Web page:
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Phenology, parasitism and density dependence of Psyllaephagus bliteus on Eucalyptus camaldulensis


Glycaspis brimblecombei is an invasive insect species that specifically feeds on Eucalyptus leaves. Native from Australia, this species has spread to several countries becoming a major Eucalyptus pest. Even though its specific endoparasitoid Psyllaephagus bliteus has been present in Argentina since 2005, little is known about its ecology in the region. In this work we assess P. bliteus population development on Eucalypus camaldulensis and identify the meteorological variables associated with changes in its abundance. Furthermore, we study the level of natural parasitism in the field, and the density dependence relationship between P. bliteus and G. brimblecombei. We find that P. bliteus is present throughout the year with a maximum abundance at the end of spring-beginning of summer. Changes in its abundance are associated with temperature and relative humidity although it cannot be ruled out that this is due to an effect of climate on the density of its host. The highest levels of parasitism were registered when psyllid population was minimal, while density dependence analysis detected an inverse relationship between P. bliteus and its host.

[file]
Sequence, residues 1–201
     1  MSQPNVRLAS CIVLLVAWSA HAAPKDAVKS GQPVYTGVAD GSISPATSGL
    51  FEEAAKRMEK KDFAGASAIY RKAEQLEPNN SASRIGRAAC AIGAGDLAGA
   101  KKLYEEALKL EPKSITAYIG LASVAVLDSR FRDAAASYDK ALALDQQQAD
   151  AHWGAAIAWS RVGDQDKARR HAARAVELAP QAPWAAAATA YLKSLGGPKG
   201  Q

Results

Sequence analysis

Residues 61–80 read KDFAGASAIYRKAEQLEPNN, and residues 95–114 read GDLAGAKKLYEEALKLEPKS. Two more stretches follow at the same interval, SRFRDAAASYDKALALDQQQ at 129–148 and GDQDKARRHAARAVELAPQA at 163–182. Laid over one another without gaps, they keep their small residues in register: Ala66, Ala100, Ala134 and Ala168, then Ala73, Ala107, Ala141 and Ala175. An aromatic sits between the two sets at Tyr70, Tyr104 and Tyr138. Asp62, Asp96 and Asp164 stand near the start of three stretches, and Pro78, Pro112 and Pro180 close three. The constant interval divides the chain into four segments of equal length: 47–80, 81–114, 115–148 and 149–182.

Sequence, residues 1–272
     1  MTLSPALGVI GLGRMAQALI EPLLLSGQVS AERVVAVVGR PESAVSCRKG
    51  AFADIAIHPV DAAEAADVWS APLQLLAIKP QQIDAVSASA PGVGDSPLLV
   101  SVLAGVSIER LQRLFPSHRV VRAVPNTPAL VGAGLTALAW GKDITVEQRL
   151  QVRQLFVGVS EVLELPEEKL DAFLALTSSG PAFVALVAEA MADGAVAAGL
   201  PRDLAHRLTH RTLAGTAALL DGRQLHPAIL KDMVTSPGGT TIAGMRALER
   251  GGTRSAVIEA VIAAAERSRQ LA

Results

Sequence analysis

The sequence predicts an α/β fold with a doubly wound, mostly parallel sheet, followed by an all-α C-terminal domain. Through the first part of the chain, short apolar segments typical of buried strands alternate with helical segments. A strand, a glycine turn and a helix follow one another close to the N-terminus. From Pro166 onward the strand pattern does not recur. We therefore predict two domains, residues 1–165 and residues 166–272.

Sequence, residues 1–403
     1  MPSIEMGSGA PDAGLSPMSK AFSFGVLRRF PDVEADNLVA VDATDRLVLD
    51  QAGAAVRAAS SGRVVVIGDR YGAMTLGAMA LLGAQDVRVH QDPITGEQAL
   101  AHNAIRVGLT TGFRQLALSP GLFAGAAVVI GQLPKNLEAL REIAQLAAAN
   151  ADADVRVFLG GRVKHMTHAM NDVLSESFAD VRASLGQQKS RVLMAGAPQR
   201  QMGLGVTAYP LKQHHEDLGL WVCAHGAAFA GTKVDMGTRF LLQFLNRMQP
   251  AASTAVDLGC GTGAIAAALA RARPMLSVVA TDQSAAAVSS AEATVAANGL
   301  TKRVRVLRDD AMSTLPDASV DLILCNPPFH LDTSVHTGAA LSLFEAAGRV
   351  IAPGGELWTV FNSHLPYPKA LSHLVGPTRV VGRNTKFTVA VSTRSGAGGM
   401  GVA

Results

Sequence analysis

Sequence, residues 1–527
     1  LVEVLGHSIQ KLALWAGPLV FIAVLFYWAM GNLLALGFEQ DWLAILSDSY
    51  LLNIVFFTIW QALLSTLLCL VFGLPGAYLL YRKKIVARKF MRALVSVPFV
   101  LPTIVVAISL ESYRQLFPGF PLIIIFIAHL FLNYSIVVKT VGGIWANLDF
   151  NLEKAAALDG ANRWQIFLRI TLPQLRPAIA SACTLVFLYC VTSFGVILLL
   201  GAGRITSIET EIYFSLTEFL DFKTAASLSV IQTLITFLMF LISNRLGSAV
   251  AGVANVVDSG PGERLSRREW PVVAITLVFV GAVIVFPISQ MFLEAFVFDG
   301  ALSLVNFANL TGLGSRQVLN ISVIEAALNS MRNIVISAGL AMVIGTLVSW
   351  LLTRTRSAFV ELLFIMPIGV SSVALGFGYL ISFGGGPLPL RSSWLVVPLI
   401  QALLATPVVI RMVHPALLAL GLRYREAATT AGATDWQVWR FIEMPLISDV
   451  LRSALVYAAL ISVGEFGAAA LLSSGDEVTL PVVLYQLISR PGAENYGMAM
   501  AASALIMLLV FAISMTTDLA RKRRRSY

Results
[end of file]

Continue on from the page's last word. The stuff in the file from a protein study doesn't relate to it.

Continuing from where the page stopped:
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We thank the Consejo Nacional de Investigaciones Científicas y Técnicas for financial support; Diana Arias for the help provided with the surveys and the examination of material, Natalia Gattinoni for providing meteorological data and Ana María López for helpful comments on the manuscript.


This study was funded by the Instituto Nacional de Tecnología Agropecuaria (Specific Project PNFOR1104072) and the project Sanidad Forestal 110 of the Unidad para el Cambio Rural.

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Correspondence to Eliana M. Cuello.

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Cuello, E.M., Andorno, A.V., Hernández, C.M. et al. Phenology, parasitism and density dependence of Psyllaephagus bliteus on Eucalyptus camaldulensis. Phytoparasitica 49, 561–568 (2021).

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  • Population abundance
  • Parasitism level
  • Density-dependence
  • Biological control
  • Eucalyptus pest